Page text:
If you are citing more than one statute, you must check the date for each statute. The date will vary depending on which volume the statute is in and when it was last amended. See the Screencap tab for examples and details.

Finally, R12.2.1 explicitly allows you to cite the authenticated version of the U.S.C. that the GPO posts on its old website, GPO FDsys:

The authenticated version is published in its entirety for each year, so the date will be the same for all statutes and you do not need to worry about checking the supplement. For all statutes in the current U.S.C., you can simply cite the most recently posted year (e.g. 2017 as of August 2018). However, if your professor, partner, or judge is a stickler for Bluebooking, they will expect to see citations to the main edition and the supplement and it will be safer to use the HeinOnline version.

Search for Your Statute in the Most Recent U.S.C.

Input your statute's citation into HeinOnline's U.S.C. citation finder. The results page will link to any volumes of the main edition and supplement that might include your statute:

Screenshot of HeinOnline

There's No Main Edition for My Statute!

Because main editions are published every six years, if your statute was passed in the last six years, it may not yet be in the main edition. In that case, check the most recent supplement.

If your statute was passed more than six years ago but there is no result for the most recent main edition, change the edition field of the search form to check the next most recent main edition. Because each main edition is published title by title, starting with Title 1, you may sometimes need to cite different statutes to different main editions. For example, if the 2018 main edition has only been published through Title 9, you would cite any statutes in or before that title (9 U.S.C. or lower) to the 2018 main edition and any statutes in higher titles (10 U.S.C. or higher) to the 2012 main edition and supplements.

Check If Your Statute(s) Are Included in the Most Recent Supplement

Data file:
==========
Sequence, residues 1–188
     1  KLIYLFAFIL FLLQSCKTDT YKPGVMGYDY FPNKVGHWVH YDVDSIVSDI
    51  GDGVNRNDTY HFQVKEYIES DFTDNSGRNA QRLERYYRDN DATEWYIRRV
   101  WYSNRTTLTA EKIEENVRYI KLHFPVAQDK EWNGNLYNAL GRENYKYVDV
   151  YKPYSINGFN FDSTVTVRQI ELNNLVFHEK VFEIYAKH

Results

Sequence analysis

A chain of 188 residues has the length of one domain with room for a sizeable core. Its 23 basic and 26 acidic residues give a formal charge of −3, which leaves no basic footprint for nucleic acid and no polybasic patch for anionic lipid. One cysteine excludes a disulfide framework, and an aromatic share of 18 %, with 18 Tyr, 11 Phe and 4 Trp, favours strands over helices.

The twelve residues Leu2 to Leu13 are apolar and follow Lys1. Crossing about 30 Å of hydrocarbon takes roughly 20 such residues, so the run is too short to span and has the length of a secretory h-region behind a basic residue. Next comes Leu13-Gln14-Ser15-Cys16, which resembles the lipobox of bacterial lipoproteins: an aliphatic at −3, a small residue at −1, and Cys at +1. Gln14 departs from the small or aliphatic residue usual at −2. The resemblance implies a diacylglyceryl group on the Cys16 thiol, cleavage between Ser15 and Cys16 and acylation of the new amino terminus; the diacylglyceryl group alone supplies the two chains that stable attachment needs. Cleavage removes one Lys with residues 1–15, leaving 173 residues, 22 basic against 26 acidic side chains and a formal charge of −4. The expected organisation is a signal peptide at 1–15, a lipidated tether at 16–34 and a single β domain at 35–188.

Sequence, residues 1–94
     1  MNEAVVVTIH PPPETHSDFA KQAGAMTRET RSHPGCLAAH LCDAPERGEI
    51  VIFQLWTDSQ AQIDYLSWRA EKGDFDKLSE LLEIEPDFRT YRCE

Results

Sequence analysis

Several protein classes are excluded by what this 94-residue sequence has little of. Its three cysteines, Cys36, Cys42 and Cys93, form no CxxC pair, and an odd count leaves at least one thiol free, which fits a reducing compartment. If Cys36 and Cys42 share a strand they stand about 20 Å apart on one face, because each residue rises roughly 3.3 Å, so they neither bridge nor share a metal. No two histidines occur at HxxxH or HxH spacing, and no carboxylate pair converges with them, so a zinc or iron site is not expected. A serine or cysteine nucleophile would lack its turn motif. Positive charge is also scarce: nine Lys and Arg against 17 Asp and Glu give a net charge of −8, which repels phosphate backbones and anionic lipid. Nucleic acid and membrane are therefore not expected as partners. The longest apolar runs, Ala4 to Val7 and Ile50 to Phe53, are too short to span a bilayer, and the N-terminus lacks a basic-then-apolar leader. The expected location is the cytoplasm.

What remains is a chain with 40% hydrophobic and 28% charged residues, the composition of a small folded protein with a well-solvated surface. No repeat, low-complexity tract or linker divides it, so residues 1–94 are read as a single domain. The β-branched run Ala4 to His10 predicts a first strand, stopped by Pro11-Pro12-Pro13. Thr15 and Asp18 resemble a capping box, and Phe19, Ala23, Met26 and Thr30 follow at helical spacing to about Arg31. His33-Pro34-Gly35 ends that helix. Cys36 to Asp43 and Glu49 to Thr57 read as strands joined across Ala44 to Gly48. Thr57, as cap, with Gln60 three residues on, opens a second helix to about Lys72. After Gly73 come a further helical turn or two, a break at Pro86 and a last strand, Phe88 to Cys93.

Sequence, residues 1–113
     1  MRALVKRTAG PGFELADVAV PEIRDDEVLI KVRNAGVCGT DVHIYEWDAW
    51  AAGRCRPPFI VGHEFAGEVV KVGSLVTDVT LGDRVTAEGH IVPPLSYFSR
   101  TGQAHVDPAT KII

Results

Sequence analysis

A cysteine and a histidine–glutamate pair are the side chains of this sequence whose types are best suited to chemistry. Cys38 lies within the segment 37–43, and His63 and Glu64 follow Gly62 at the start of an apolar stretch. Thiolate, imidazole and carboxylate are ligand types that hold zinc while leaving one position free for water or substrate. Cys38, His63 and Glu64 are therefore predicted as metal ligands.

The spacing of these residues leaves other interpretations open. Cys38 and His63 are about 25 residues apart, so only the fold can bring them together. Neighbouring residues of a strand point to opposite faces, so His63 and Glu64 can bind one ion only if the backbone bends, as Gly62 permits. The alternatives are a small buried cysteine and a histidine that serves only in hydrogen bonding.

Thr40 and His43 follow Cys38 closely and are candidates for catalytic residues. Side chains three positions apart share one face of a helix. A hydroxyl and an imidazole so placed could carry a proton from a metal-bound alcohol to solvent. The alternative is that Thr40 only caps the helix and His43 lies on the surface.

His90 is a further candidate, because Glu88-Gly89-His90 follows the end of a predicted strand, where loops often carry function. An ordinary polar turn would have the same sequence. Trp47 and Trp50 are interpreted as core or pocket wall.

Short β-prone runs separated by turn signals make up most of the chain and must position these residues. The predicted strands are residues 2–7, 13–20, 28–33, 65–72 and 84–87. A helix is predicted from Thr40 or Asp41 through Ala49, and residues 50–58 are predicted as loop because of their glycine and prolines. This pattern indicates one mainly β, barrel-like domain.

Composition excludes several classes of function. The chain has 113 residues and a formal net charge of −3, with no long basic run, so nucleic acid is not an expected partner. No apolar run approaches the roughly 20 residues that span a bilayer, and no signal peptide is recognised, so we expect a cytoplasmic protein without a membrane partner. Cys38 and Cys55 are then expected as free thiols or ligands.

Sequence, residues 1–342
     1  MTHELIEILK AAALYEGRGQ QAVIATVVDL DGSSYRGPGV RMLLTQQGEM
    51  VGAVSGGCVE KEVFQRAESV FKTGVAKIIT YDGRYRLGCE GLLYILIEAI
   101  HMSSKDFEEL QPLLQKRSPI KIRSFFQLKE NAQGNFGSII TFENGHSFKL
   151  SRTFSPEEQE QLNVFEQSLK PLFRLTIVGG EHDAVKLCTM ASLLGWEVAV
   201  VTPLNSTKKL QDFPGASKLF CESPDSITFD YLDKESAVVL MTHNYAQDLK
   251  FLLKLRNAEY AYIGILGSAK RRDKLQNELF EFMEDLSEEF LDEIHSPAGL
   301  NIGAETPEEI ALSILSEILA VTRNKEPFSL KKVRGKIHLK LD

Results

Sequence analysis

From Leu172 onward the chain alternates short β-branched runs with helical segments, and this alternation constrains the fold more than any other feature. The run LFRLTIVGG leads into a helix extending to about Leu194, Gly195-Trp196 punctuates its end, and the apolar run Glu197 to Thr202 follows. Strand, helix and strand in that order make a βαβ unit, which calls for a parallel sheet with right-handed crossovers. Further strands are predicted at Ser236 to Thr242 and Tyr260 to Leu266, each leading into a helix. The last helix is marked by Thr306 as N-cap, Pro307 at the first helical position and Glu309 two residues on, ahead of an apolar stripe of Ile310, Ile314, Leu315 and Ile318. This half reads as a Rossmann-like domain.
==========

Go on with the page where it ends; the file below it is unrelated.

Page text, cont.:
After you have checked for your statute in the main edition, check the most recent supplement in the results list to see if it includes your statute. You only need to check the most recent supplement because supplements are cumulative (i.e. the 2016 supplement contains all of the amendments and new statutes from the 2013, 2014, and 2015 supplements.) 

The supplement page below skips from § 704 to § 794, with no amendments to § 711A.

Because § 711A is found only in the main edition, cite it as:

18 U.S.C. § 711A (2012)

Because § 704 is found in the main edition and amended in the supplement, cite it as:

18 U.S.C. § 704 (2012 & Supp. III 2016)

Citing the Print U.S.C.A. or U.S.C.S.

The official U.S.C. is published more slowly than the unofficial U.S.C.A. and U.S.C.S. and statutes passed in the last year or two may not yet be in the U.S.C., even in a supplement. In this situation, R12.2.1(a) tells you to cite the U.S.C.S. or U.S.C.A. as shown in Table T1.1:

For West's print U.S.C.A., use the format 1 U.S.C.A. § 1 (West 2013). For Lexis' print U.S.C.S., use the format 1 U.S.C.S. § 1 (LexisNexis 2007 & Supp. 2016).

Just as when citing the U.S.C., you can copy most of the citation information from the top of the screen on Lexis and Westlaw (this time including the A. in U.S.C.A. and S. in U.S.C.S.) However, to find the year, you must use the print or an exact copy of the print (R18.2.) Neither Lexis or Westlaw provide an exact copy of their print statutes online, so to find the year you will need to access the print statutes on the second floor, next to the double doors. (See Location of Print U.S.C.A. and U.S.C.S. tab.)